This author lays blame and potential for constructive change at the feet of the buyers. Afterall, the entity that holds the money has overwhelming influence. Among the issues listed above, here’s what can the buyers do.
- Look for the horizontal function
- Recognize the temporary organization
- Insist on verticals
- Recognize that facts are facts
- Insist on normalized costs
- Embrace the “looks like” discovery process
- Keep the egos at bay
- Measure, measure, cut; avoid early time compressions
- Don’t lose mission in the details
Look for the horizontal function
Knitting together functions across silos is a core managerial requirement. Architects used to claim being the Master Builder.. a huge and nearly impossible task across the current complexities. During the sales cycle, builders, brokers, and design professionals often compete for the buyers attention and commitment. Buyer beware! There is no substitute for demonstrated competency, not just by the firm seeking the business but the actual professionals proposing to do the work.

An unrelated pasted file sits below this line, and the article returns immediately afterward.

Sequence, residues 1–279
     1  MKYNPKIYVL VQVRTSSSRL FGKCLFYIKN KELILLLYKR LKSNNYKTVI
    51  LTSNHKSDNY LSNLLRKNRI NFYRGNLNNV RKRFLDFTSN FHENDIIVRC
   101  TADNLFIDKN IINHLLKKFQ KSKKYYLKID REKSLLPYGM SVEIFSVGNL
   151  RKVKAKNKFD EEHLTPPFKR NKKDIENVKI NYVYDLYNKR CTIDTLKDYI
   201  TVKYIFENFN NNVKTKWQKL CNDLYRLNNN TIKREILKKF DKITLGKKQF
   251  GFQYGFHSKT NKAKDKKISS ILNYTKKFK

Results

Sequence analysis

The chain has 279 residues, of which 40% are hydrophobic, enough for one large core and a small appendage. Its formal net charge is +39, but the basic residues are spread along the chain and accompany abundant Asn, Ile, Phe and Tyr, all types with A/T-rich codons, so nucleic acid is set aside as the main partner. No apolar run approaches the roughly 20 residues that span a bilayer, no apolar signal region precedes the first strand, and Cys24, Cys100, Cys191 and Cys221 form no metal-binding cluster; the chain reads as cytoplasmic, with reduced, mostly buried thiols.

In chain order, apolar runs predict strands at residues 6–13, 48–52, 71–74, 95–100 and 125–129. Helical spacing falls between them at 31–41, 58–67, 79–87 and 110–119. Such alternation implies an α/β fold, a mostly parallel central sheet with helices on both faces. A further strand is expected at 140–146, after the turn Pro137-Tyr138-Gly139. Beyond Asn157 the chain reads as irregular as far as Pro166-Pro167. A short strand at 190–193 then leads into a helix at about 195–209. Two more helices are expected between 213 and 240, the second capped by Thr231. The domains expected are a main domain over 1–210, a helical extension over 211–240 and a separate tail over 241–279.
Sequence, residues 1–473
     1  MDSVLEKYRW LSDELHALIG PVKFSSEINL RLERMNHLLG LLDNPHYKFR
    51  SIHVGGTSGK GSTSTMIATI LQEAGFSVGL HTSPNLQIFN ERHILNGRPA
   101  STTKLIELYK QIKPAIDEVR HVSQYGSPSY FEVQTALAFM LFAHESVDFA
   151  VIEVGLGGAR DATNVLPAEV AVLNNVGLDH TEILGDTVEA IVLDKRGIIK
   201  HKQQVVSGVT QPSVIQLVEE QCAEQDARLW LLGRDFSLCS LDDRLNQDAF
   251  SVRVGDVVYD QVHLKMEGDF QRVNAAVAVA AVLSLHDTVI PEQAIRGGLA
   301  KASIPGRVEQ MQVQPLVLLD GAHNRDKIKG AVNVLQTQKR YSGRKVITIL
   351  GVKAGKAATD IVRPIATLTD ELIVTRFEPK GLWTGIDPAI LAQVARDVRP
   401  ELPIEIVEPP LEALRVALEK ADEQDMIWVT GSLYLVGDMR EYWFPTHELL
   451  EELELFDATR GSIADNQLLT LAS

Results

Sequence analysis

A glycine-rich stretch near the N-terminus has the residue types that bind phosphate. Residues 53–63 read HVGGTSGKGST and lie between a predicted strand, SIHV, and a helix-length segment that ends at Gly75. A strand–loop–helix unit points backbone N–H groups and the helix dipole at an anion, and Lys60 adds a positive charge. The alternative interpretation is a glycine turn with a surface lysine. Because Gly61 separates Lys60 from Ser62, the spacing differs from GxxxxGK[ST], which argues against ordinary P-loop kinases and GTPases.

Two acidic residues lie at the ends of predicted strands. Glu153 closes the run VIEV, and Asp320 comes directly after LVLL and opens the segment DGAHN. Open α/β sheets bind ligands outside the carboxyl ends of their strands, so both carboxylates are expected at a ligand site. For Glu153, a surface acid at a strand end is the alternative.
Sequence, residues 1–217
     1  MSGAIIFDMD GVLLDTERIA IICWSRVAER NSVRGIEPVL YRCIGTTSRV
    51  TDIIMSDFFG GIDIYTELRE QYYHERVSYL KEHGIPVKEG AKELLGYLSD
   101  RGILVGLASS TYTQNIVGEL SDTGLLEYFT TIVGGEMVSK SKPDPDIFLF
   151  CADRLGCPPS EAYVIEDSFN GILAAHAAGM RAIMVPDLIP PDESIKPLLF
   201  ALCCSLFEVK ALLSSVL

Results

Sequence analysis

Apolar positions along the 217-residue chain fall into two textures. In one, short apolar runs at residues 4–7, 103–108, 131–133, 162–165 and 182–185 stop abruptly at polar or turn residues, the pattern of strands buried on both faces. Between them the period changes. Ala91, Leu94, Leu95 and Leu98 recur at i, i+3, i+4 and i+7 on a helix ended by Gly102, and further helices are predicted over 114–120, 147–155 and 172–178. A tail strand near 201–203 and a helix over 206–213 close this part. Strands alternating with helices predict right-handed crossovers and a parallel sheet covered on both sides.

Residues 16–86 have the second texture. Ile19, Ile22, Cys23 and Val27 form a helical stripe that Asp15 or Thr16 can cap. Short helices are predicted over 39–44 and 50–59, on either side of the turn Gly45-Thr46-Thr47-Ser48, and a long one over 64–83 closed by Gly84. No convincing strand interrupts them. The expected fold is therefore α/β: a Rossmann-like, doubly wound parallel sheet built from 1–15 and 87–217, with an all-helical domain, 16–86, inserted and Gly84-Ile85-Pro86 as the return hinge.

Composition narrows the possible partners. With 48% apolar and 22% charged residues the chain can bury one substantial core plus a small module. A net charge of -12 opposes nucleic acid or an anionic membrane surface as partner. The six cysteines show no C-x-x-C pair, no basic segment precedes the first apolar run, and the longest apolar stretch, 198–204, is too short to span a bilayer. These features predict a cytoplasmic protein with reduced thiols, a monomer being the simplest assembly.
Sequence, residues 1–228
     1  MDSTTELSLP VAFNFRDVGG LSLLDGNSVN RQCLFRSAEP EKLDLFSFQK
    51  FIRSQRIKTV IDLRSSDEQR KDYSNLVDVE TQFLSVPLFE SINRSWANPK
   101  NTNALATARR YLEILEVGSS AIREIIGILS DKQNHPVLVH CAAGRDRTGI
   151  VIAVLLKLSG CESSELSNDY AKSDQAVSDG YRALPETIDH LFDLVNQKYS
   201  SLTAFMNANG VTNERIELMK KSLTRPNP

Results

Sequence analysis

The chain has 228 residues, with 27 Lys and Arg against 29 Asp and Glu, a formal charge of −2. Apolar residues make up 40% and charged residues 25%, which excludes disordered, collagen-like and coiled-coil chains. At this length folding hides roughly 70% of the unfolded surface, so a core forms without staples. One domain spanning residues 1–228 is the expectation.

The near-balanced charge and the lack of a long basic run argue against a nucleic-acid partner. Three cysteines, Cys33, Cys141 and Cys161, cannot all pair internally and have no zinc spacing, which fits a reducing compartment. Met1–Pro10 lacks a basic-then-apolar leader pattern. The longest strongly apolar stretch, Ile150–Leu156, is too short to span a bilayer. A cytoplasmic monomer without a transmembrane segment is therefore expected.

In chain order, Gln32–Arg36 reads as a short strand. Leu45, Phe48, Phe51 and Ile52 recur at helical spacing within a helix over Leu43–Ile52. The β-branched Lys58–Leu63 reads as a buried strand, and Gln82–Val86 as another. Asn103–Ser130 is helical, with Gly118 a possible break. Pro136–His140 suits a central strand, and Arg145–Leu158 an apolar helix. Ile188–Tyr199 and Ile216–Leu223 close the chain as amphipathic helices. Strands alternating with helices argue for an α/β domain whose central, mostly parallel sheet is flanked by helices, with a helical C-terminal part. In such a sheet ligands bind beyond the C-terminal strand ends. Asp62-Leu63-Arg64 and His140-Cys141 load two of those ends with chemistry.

As service providers (architects, design-builders, et al) and Owners seek to make good business deals, each should vet the other in connection with emerging marketplace imperatives:
• Innovative team communication systems are not optional: eMail is fast becoming dysfunctional, awash is annoying distractions
• Place-based operations need to be scrutinized; old model office environments can be burdensome rather that productive
• The design services “DPE multiplier” needs to be evaluated; layers of partner compensation and build-in overhead can drive shocking numbers, e.g. $160/hr billing rate for an unlicensed intern ($40 in the check after deductions); productive business models are driving down the DPE)
Insist on horizontals
Horizontal organizations in the planning, design, and construction industry (“the industry” for purposes of this essay) are in the forefront on the solution to the tyranny of silos. These organizations make it their mission and value proposition to knit together the pieces into the whole. Further, off-loading unfamiliar duties to horizontals allows the buyer to run their business during the project period.